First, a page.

Backed by real resources, skilled organizers and volunteers across the electoral battlegrounds of 2008 will be able to identify, register and turn out voters through door-to-door work combined with radio and television spots. Already, former MoveOn political director Tom Matzzie is being entrusted with a $100 million fund for independent expenditures during the 2008 electoral cycle, a significant portion of which will go to antiwar messages. The money will come from antiwar unions like the Service Employees International and big-money donors like investor George Soros and Hollywood producer Steve Bing. Podesta is personally involved in the independent campaign as well, through a 527 entity called Fund for America.
This plan poses enormous challenges. Who will make the decisions, what will be the Iraq/Iran message, who will deliver it and by what means? The independence of the 527 committees is based on an organizational separation from the political parties. But the message will likely be consistent with, if not identical to, the candidates' message, influenced by the same hawkish consultants. Yet the peace movement has an opening to exert its influence: it can demand a role in the independent campaign as a condition of enlisting its legions of local peace activists. The challenge will be to draft an antiwar formula that unites the peace forces and progressive Democrats rather than one that depresses vast numbers of antiwar voters.
Beyond the issue of message, there's the question of whether the independent campaign is controlled from the top or is open to the thousands of volunteers already devoted to antiwar efforts in their local communities. Matzzie is a brilliant field organizer in his early 30s, trained in the post-1960s staff-driven methods of groups like USAction. Most of these organizers have little knowledge of Iraq, foreign policy or peaceful alternatives to the "war on terror." Their backgrounds tend to be in labor or consumer organizing or door-to-door canvassing for donations. Typically, they are results-oriented (number of phone calls made, voters identified, "hits," etc.) rather than community-oriented. Ideally, Matzzie will map out a battle plan calling for cooperation where local groups already have strong track records (like New Hampshire, Iowa and northern Illinois, to take three examples) and new initiatives in areas lacking an active base. A final question to be finessed is whether the independent campaigns will invest in a long-term local strategy, including simple things like leaving contact lists behind with local groups, or whether they will pull up stakes and vanish on election day.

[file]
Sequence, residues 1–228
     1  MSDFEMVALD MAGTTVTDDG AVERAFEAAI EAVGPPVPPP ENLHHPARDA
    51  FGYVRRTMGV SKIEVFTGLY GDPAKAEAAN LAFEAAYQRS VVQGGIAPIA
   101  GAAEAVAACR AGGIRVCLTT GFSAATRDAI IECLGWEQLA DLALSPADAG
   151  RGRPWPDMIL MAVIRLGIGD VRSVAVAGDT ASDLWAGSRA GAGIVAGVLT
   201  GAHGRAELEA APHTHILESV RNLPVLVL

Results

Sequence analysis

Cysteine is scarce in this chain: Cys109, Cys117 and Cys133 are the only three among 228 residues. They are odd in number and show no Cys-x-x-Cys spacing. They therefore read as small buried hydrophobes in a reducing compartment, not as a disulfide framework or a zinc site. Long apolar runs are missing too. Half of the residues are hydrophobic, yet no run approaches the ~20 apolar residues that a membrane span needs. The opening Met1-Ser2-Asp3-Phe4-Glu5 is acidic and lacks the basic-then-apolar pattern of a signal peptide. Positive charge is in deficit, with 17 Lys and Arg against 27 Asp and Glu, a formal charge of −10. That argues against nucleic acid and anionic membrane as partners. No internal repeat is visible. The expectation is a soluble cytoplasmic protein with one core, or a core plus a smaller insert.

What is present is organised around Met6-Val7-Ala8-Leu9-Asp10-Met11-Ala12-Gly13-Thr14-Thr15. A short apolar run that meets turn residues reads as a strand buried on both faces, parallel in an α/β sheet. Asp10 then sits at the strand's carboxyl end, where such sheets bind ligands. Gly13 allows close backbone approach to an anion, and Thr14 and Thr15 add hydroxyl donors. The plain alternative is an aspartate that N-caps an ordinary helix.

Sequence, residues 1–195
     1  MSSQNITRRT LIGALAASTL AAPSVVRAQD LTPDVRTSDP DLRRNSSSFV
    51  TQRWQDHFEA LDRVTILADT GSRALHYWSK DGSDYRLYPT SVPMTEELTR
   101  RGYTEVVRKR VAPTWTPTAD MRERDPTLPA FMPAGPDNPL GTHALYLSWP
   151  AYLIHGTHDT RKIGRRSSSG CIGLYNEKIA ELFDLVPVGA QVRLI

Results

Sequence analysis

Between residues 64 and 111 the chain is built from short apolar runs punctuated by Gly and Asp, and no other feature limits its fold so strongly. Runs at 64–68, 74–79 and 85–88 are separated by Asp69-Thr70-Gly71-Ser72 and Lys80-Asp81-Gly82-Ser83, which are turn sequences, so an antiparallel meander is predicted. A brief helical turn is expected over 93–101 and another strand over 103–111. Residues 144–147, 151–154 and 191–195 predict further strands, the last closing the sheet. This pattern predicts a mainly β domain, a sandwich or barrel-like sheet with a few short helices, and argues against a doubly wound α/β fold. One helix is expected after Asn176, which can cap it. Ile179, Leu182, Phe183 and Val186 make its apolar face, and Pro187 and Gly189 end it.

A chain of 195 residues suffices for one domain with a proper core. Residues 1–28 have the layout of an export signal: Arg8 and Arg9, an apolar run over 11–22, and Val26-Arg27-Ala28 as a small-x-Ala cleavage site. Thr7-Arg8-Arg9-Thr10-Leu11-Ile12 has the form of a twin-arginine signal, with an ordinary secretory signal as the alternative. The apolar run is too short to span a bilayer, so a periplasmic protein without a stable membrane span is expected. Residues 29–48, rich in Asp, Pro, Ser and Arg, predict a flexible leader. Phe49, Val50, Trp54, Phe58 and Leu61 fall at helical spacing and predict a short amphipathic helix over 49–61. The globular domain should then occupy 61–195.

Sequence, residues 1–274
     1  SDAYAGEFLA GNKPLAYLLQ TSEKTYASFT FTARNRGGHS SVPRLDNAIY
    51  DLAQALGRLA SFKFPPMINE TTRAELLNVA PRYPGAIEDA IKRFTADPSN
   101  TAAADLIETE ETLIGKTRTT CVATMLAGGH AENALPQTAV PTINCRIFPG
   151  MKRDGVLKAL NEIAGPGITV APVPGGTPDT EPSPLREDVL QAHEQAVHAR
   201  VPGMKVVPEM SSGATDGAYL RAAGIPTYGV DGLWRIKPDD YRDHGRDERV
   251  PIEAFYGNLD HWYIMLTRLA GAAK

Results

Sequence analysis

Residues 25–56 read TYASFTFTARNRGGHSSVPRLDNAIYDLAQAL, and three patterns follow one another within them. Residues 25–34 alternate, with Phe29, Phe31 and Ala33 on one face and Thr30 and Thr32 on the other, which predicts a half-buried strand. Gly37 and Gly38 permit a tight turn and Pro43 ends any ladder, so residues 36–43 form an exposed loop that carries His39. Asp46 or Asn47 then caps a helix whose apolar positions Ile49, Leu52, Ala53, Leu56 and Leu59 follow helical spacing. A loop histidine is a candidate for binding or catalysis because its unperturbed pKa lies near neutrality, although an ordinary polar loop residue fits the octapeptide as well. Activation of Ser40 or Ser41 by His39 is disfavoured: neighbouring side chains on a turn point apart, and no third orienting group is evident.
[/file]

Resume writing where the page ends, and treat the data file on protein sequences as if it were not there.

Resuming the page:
The peace movement can succeed only by applying people pressure against the pillars of the war policy--public opinion, military recruitment and an ample war budget--through marching, confronting military recruiters and civil disobedience. The pillars have been eroding since 2004. The tactics that are most likely to accelerate the process are greater efforts at persuading the ambivalent voters. This is where the interests of the peace movement converge with Matzzie's operation.
A massively funded voter-identification and -registration drive and a get-out-the vote campaign have enormous potential to tip not only the presidential election but also the scales of public opinion. Rather than merely pounding away at a simplistic message--Republicans dangerous, Democrats better--such an effort would require, as a foundation, resources to educate voters and involve them in house meetings. The house-meeting approach allows for voter education and participation on a scale that cannot be achieved by hit pieces or TV spots. It is also critical for cultivating grassroots leadership capacity for election day turnout and beyond. Voters may be persuaded by a narrow end-the-war message, especially if Giuliani is the Republican candidate, but they will also need the ability to answer questions about the interconnected issues of Iraq, Iran, energy, healthcare and the threat posed by neoconservatives.